Wednesday, September 30, 2009

holding ellis

It has been 34 days since we've held Ellis. Today was another great day.

Ellis Faron Wakes Up (Video)

This video we shot slightly exceeds Blogger's 100 MB limit on posting, so we decided to leave it as is and upload it to YouTube. Please refer to this link to view: Thank you so very much to everyone for your comments, support, and thoughts directed toward our son. We are so fortunate and grateful to all that has been done in bringing Ellis to this point in his life. Take care; James, Christine, and Lilah.

Tuesday, September 29, 2009


Ellis was awake for an hour this evening. We could not stop looking into his eyes, and did not leave until he fell asleep.

Monday, September 28, 2009

prayers for benjamin

Please pray for Ellis' ECMO buddy, Benjamin. His condition requires a serious surgery, and he will remain on ECMO until his body is ready.

24 hours

Since we arrived at Children’s, staff and parents have shared stories of how it can take just 24 hours for a baby to turn around and once a baby starts turning around, the recovery speeds up! For the past month, we have been hoping and praying for 24 hours.

It looks like Ellis’ 24 hours was last Wednesday/Thursday, between the two ECMO clamp tests. Ellis is doing well. He continues to show improvement everyday. Today, he started taking some of his own breaths, which you can see recorded by the ventilator. His team continues to turn down the ventilator settings and oxygen he is receiving – he was at 100% oxygen and is now down to about 70%. When he is agitated and his stats start to rise, we are able to calm him with our voices. Amazing!!!

Today was a great day. Today, we talked about Ellis coming home.

That’s right! If he continues to progress at the same rate and has no setbacks, Ellis might be able to come home in a month! Just last Wednesday, James and I were saying our goodbyes to Ellis and that night spoke with our parents about funeral arrangements. And now we might bring him home.

Thank you all for your prayers, positive thoughts and energy. We are so grateful!


Christine, James, Lilah, and Ellis

Sunday, September 27, 2009

hey, turn that ventilation down!

Yesterday, Ellis had steady stats all day. He was given his first feeding of breast milk in the afternoon; he has just been on fluids since birth. He loved the feeding, and is now on a feeding schedule of 3ml every 3 hours. Last night, his team felt it was time to change his position, since he had not been moved for 30 days. Ellis was not at all happy with this adjustment - his stats went crazy, he had to be hand bagged and moved from the oscillator to a conventional ventilator to stabilize him. This was basically a lateral move, as far as support goes. But Ellis appears to have taken quite a liking to the conventional vent.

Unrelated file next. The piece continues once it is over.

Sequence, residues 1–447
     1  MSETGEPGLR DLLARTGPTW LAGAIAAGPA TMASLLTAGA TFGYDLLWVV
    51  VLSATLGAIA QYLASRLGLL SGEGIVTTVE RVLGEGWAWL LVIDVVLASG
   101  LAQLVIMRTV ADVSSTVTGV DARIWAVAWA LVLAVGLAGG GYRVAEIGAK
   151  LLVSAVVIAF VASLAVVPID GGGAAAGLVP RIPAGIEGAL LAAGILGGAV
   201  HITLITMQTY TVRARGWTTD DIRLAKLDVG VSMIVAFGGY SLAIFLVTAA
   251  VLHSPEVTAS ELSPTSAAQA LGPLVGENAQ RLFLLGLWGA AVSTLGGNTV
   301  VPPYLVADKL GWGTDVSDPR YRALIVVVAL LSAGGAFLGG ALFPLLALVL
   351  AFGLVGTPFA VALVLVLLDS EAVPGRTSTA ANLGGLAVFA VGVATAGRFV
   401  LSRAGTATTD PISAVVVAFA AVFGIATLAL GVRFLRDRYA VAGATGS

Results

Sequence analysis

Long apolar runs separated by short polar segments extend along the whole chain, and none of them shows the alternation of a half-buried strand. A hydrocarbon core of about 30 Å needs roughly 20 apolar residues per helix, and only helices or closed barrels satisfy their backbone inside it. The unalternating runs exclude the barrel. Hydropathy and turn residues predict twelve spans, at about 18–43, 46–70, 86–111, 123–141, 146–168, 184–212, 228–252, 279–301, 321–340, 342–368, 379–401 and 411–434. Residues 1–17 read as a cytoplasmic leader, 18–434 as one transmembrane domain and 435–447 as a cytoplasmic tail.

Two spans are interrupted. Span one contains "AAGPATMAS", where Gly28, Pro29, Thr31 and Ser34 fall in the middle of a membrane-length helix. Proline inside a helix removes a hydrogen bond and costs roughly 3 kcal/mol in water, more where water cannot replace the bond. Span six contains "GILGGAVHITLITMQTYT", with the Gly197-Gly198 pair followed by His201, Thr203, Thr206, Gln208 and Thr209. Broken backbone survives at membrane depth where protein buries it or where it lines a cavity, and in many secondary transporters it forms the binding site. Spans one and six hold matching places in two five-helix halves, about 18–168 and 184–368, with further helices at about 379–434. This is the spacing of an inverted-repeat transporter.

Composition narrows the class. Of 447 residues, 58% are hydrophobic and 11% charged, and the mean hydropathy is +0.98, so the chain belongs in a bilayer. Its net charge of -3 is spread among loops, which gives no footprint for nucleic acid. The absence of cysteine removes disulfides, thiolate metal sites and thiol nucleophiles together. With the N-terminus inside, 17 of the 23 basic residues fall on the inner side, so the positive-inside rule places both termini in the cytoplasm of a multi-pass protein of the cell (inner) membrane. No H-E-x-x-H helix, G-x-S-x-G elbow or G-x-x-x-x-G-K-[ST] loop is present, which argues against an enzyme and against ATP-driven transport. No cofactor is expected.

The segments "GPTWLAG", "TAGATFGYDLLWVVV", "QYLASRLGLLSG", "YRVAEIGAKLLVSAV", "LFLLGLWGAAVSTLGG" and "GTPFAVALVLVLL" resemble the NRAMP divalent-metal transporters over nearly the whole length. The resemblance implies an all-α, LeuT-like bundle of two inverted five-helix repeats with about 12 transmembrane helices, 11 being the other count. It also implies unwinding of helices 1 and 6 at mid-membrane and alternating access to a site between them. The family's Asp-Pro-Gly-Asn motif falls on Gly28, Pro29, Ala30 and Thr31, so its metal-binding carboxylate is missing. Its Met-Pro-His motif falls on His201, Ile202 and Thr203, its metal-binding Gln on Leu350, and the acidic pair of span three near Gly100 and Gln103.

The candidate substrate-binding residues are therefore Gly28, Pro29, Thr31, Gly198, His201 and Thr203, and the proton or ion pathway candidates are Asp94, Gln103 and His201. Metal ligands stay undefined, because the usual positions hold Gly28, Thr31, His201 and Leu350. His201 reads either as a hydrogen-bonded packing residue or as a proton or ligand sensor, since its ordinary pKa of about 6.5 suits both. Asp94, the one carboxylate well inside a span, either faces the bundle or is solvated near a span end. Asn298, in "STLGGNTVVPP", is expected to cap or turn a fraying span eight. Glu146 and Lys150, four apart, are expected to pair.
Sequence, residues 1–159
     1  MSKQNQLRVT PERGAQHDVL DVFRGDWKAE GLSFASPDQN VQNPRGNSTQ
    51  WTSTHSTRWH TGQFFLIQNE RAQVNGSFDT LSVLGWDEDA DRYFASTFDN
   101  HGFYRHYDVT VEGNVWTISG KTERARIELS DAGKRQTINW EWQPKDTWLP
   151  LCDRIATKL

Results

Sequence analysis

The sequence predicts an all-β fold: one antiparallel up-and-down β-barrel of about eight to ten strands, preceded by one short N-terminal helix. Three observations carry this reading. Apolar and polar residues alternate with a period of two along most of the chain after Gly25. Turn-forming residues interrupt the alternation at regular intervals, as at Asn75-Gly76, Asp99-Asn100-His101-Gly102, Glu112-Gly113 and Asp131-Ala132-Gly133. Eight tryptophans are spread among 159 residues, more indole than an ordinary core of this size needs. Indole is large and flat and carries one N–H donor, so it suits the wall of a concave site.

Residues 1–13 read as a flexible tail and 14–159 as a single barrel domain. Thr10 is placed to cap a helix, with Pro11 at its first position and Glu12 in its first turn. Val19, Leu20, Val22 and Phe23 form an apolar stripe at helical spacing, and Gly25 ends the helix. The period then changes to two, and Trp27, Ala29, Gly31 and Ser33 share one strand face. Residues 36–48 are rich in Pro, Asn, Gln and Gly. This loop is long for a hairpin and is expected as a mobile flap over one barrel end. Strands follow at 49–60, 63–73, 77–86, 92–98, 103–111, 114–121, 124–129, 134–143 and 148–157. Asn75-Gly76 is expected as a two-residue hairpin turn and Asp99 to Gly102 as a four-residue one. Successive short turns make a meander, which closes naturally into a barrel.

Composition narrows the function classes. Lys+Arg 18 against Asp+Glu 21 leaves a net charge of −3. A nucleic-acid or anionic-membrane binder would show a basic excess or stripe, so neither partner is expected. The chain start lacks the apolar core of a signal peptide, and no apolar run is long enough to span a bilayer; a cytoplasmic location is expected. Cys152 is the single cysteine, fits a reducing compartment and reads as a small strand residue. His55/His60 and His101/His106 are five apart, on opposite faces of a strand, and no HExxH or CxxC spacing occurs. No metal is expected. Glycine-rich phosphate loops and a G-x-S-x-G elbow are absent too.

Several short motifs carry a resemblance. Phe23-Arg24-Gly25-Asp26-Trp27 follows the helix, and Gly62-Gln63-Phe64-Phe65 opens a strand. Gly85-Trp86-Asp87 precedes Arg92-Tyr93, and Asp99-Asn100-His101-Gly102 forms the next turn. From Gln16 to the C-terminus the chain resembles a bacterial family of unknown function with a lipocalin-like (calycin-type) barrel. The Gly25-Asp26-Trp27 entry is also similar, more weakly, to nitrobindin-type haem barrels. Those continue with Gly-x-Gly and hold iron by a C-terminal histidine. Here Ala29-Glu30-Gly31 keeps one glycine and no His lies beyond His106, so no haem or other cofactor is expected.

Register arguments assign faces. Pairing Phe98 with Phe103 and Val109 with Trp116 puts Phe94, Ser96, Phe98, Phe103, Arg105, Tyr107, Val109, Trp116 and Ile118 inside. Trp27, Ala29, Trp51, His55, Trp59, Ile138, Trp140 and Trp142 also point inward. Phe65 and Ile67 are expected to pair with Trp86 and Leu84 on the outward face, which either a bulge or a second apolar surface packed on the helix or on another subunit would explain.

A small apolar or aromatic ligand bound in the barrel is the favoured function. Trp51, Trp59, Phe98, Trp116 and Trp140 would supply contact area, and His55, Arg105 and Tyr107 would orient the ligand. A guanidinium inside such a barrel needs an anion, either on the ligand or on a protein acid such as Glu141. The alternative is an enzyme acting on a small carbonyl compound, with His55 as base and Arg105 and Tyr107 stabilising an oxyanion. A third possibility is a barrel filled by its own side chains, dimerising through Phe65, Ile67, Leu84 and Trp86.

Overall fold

Today, Ellis' stats have remained strong. His blood gas numbers and chest x-ray continue to get better, and the team has started weaning him off the ventilation support.

Happy 1 month birthday, Ellis! So happy that you are the one giving gifts!

Friday, September 25, 2009

30 hours later

It has been 30 hours since Ellis was taken off ECMO, and he is holding his own. Go Ellis!!!! The NICU team has been able to go down on some oscillator settings. While these adjustments are small, they are in the right direction. He is waking up from the chemical paralysis, and we are seeing more finger and eye movement. Amazing!!! Everyone is very pleased with his progress, but remains cautiously optimistic.

Here are some pictures from Wednesday, before Ellis went off ECMO.

An early one month birthday party

ECMO clamp test

Stats during test...we have NEVER seen stats like this!
Green is heart rate; red is blood pressure; blue are oxygen levels measured in his tissue.

After laying in the same position for almost 3 weeks, Ellis' head is a little flat on his left side!

Thursday, September 24, 2009

the setback on ecmo

Ellis had a pulmonary hemorrhage while on ECMO. His team was able to stop the bleeding, keep James and I calm, and save Ellis' life.

Here's a link to what was going on...

After this episode, his check x-ray was almost completely whited out...not good.

no mo' ecmo

Ellis is no longer on ECMO! His surgeon said he did a pretty good job coming off, and this is the best condition he has seen Ellis in since he arrived at Children's. We will get to see him shortly. The next 12 hours will show how he adjusts to being off ECMO.

going off ecmo

The team is taking Ellis off ECMO as I type this post. A test was preformed this morning at 10:30 and Ellis did an amazing job; his stats held steady and he had his best blood gas to date! The team did push up some of the oscillator settings before the test. These settings are pretty high, but we remain hopeful that Ellis will pull through. This is it! The 11th hour. Our "Hail Mary" play. Ellis, we are fighting for you!

The best news, though...

After 24 days of being chemically paralyzed, we finally looked into his eye (the one that is not swollen) , felt his grasp, and watched his bottom lip move.

We really did not think we would be here today. Last night, we started planning his funeral.

Let me be clear that Ellis is not out of the woods. Once of ECMO, he will require a lot of support, which may not work. But today is another day with Ellis and we are so happy, happy, happy!

Thank you all for your prayers, thoughts, and support!!!

Wednesday, September 23, 2009

still on ecmo